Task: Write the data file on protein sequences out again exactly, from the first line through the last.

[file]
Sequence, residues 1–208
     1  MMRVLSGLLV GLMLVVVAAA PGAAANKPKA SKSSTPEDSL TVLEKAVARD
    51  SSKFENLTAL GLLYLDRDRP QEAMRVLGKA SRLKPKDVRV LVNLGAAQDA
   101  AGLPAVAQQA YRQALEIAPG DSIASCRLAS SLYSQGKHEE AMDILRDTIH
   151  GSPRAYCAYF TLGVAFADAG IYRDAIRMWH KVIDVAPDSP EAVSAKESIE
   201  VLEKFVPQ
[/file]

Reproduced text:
Sequence, residues 1–208
     1  MMRVLSGLLV GLMLVVVAAA PGAAANKPKA SKSSTPEDSL TVLEKAVARD
    51  SSKFENLTAL GLLYLDRDRP QEAMRVLGKA SRLKPKDVRV LVNLGAAQDA
   101  AGLPAVAQQA YRQALEIAPG DSIASCRLAS SLYSQGKHEE AMDILRDTIH
   151  GSPRAYCAYF TLGVAFADAG IYRDAIRMWH KVIDVAPDSP EAVSAKESIE
   201  VLEKFVPQ